Now, Puthoff is no dope. He knows these numbers and argues that perhaps we will discover some microstructures that can be utilized. But the chances of that are slim indeed. Basically these micro structures would have to already exist in a form ready for this energy to be extracted. The energy is not really free. If two plates are separated by some distance, the energy that is produced when they crash together had to be put into the system originally, to assemble the plates at that distance.
It's like the power we extract from falling water. We find this in nature,
so it is "free" in that sense. But the sun provided the original energy that
evaporated the water and raised it up into the air where it could then fall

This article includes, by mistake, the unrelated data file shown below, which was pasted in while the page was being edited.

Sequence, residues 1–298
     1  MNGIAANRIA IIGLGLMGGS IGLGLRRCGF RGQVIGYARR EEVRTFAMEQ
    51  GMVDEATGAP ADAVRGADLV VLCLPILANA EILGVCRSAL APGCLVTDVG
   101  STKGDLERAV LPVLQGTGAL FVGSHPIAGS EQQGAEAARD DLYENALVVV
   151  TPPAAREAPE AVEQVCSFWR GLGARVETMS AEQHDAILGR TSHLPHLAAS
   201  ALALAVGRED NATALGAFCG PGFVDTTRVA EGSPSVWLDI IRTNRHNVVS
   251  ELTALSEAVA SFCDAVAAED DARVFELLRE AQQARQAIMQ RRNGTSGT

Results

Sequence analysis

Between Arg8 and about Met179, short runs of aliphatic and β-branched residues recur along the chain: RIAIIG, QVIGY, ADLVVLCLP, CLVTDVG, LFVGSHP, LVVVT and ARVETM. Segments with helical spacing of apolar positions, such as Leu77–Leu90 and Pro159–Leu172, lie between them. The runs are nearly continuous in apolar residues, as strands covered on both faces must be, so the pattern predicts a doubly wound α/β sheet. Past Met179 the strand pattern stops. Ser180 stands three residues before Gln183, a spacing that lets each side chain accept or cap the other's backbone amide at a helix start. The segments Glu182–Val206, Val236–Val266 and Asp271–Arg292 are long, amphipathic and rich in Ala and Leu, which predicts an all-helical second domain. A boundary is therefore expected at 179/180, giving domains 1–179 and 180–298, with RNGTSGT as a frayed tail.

back down as rain and snow. It does no good to suggest that we put a line
of slaves to work carrying buckets of water to the top of a hydroelectric
dam built out on a flat plain. We still have to feed the slaves to give them
the energy to do the lifting.
Similarly, we cannot expect to manufacture any microstructures to provide for zero point energy extraction. They would have to already exist in nature, assembled by natural forces and primed for our exploitation. And, what kind of objects might we imagine finding? Using the same formulas, we can visualize two flat plates of pure nuclear matter, like the inside of a neutron star, separated by a nuclear diameter. To keep our 100 Watt bulb lit for a year, we would need such a structure covering about one micron by one micron.
If these or any other micro structures capable of providing practical energy output existed in nature, I think we would have found them by now. I do not recommend that you invest your retirement funds in any companies that promise to develop this technology.